I like to highlight the seemingly small shifts which can be transformational and are significant signs of progress, whether that is experiencing a sense of increased safety when leaving the house, or the ability to engage in breathing practices without feeling anxious. All of these moments can lead to longterm progress.
The incorporation of the body in mental health treatment, in particular for clients who have experienced trauma, has been a necessary and exciting evolution in this field. As a psychotherapist that values and honors the body's responses to trauma and stress, the openness to body based modalities has been transformational.
I've found that bringing some of my key personality traits such as lightness and humor into my sessions, when appropriate, has helped to facilitate growth and healing in many of clients, especially for those who have experienced complex trauma.
Anxiety can mean nervousness, worry, or self-doubt. Anxiety disorder is a mental health disorder that entails excessive, repeated bouts of worry, anxiety, and/or fear.
Artists' mental health
There’s been a long history of debating the connection between creativity and mental illness. Research shows mixed results but ultimately, anyone can experience mental health issues in relation to professional burnout or work-related stress.
Medical professionals' mental health
Many medical professionals have extremely difficult jobs. When the result of one’s work is a matter of life or death, stress is typical. Medical professionals’ mental health is oftentimes impacted by experiencing vicarious trauma, working long hours, feeling underpaid or unappreciated, and believing that the well-being of others is more important than their own. This may lead toward distress, compromised performance, resentment, poor mental and/or physical health, and burnout.
Obsessive compulsive disorder (OCD)
Obsessive compulsive disorder entails a distressful pattern of recurrent thoughts and repetitive behaviors. Obsessions are oftentimes unreasonable thoughts and fears that plague one’s mind to the point of compensatory behavior. This occurs despite logically recognizing the problem. The cycle is seemingly endless and instils feelings of hopelessness/helplessness. Severity of the condition varies but tends to begin gradually, becoming more intense under stress.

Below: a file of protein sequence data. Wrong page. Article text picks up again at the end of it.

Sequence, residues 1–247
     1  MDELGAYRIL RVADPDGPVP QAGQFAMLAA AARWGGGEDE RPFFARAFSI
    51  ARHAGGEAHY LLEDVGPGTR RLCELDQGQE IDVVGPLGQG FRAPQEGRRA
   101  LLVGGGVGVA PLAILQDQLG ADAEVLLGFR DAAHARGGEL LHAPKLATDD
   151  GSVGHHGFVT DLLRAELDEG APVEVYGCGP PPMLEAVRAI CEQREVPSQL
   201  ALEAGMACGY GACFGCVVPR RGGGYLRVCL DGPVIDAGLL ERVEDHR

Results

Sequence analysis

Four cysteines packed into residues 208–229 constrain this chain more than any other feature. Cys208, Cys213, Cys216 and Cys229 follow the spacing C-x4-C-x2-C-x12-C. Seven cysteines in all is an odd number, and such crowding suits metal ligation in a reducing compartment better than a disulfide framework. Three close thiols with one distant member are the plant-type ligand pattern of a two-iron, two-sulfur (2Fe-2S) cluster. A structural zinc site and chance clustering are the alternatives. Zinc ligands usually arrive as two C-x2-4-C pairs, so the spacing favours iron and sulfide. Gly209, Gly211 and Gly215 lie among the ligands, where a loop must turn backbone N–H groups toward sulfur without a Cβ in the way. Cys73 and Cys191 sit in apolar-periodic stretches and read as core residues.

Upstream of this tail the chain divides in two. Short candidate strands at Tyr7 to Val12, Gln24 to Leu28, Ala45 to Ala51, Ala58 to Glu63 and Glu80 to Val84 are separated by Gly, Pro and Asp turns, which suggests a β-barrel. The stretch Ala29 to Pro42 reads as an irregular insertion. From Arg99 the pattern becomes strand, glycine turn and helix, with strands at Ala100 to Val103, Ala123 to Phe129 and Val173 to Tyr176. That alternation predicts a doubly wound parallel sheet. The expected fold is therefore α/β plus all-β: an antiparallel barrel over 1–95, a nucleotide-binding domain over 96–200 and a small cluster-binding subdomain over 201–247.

Trauma is the result of experiencing a perceived, extremely distressful event. Although the stress threshold for each person differs, meaning that each person considers and experiences trauma differently, it is an event that tops one’s threshold. It exceeds one’s ability to cope or emotionally process. Symptoms may include shock, anxiety, confusion, hopelessness, feeling disconnected, mood swings, nightmares, and intrusive thoughts.
Depression often causes people to feel sad, empty, or hopeless, and can cause a lack of interest in life. It can also affect a person's thinking patterns and physical health.
Designed to help people choose, change, or leave a career at any stage of life. Careers are often wrapped up in people’s perceived identity, therefore, any change can cause anxiety and/or depression.
Workplace issues are a common source of stress and can include interpersonal conflict, communication problems, gossip, harassment, discrimination, low motivation and job satisfaction, performance issues, and poor job fit.
Grief is a reaction to an emotionally significant loss and often comes with symptoms of depression or anxiety. These symptoms can remain intense and last for a long time after a loss, making it difficult to move forward with a healthy lifestyle.
Body image issues
Due to continued exposure to images of “normal” or “desired” body types, people can develop a range of positive or negative emotions about their appearance causing anxiety, depression, or eating disorders.
Young Adults (18-24)
Strength Based Therapy
Acceptance and Commitment Therapy (ACT)
Culturally Sensitive Therapy
Dialectical Behavior Therapy (DBT)
Expressive Arts Therapy
Mindfulness-Based Cognitive Therapy
Board Certified Dance Movement Therapist
Level 1 Sensorimotor Psychotherapy
Mindfulness Based Cognitive Therapy
IL, LCPC, 180010512
MA, Dance/Movement Therapy and Counseling, Columbia College Chicago
MA, Cultural Project Management, Institute of Political Science (France)
Ashley Fargnoli, MA, BC-DMT, LCPC is a dance/movement therapist and psychotherapist specialized in working with populations who have undergone severe trauma. She has worked alongside refugees, immigrants, survivors of intimate partner violence, survivors of human trafficking, and LGBTQ communities. Ashley lived in Bosnia and Herzegovina for three years where she implemented numerous reconciliation projects as well as in Kolkata, India working alongside survivors of human trafficking. Ashley has additional training in yoga-informed psychotherapy, sensorimotor psychotherapy, DBT and CBT. Ashley was a Fulbright Scholar at the University of Peradeniya, Sri Lanka from October 2019-March 2020.
4313 N. Francisco Ave, Chicago, 60618, IL